Criminal (Expert Testimony): MCINTIRE V. COMMONWEALTH (SC; 6/15/2006)

MCINTIRE V. COMMONWEALTH
CRIMINAL:  Expert Testimony
2003-SC-000444-MR.pdf
PUBLISHED DATE:  APRIL 20, 2006; AS MODIFIED: 6/15/2006
ORDER GRANTED MOTION TO PUBLISH WITH PAGES 1 -17 SUBSTITUTED IN LIEU OF PAGES ORIGINALLY RENDERED
REVERSING AND REMANDING; JOHNSTONE

The charges underlying this matter concern the abuse and death of Appellant’s four-month-old son, Jordan, and the admissibility of expert testimony surrounding the criminal abuse of that child.  SC  held the trial court erred in admitting expert testimony and reversed the conviction.

Appellant argues that the trial court abused its discretion by permitting improper and highly prejudicial expert testimony. Dr. Betty Spevak testified for the Commonwealth in her capacity as a forensic pediatrician. Appellant objects to two portions of Dr. Spevak’s testimony: (1) Dr. Spevak’s statement that the injuries sustained by Jordan would have been noisy and loud ; and (2) Dr. Spevak’s conclusion that a non-abusing parent would be aware of abuse occurring in the home . Appellant does not argue that Dr. Spevak was generally unqualified to testify as an expert.  Rather, she contends that these statements exceeded the scope of her expertise and should have been excluded.

KRE 702 governs the admissibility of expert opinion testimony. To introduce expert opinion testimony, a four-part test must be satisfied . Stringer v. Commonwealth , 956 S.W .2d 883, 891 (Ky. 1997). First, the witness must be qualified to render an opinion on the subject matter. Second, the subject matter must satisfy the requirements of Daubert v. Merrell Dow Pharmaceuticals, Inc. , 509 U .S. 579, 113 S. Ct. 2786, 125 L . Ed . 2d 469 (1993). Third, the subject matter must satisfy the test of relevancy set forth in KRE 401, subject to the prejudicial versus probative balancing test required by KRE 403 . Finally, the opinion testimony must assist the trier of fact. SCOKY reiterated that decisions concerning the admissibility and qualifications of an expert witness rest within the sound discretion of the trial court. Ford v. Commonwealth, 665 S.W.2d 304,309 (Ky. 1983), cert. denied, 469 U .S . 984,105 S . Ct. 392, 83 L. Ed. 2d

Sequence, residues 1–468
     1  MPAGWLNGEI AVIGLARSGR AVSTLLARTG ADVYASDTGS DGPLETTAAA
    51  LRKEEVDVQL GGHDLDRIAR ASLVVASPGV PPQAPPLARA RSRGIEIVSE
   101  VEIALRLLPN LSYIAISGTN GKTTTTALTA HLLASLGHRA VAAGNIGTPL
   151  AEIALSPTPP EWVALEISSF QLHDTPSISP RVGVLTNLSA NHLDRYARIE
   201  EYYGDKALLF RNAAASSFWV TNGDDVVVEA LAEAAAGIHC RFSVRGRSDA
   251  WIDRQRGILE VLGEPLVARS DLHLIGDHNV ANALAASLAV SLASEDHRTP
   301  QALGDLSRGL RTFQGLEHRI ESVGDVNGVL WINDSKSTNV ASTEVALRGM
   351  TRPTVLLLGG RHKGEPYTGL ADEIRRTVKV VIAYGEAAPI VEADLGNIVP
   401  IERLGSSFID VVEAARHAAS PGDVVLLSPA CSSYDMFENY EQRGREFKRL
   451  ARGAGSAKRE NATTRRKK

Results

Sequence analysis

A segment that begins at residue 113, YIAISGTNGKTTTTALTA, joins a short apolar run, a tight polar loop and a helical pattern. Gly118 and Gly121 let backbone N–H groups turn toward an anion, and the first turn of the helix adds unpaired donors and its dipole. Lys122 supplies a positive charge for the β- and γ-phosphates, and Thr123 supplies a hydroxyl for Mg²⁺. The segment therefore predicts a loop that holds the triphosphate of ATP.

325 (1984) . A trial judge abuses his or her discretion when a decision is "arbitrary, unreasonable, unfair or unsupported by sound legal principles ." Farmland Mut. Ins. Co. v. Johnson, 36 S.W .3d 368, 378 (Ky. 2000). Upon thorough review of the record, SCOKY concluded the trial court erred in admitting certain portions of Dr. Spevak’s testimony, as its prejudicial effect was far outweighed by its probative value.  Michael Stevens, ed.

Please note: I reserve the right to delete comments that are inappropriate, offensive or off-topic.

Leave a Reply

Your email address will not be published.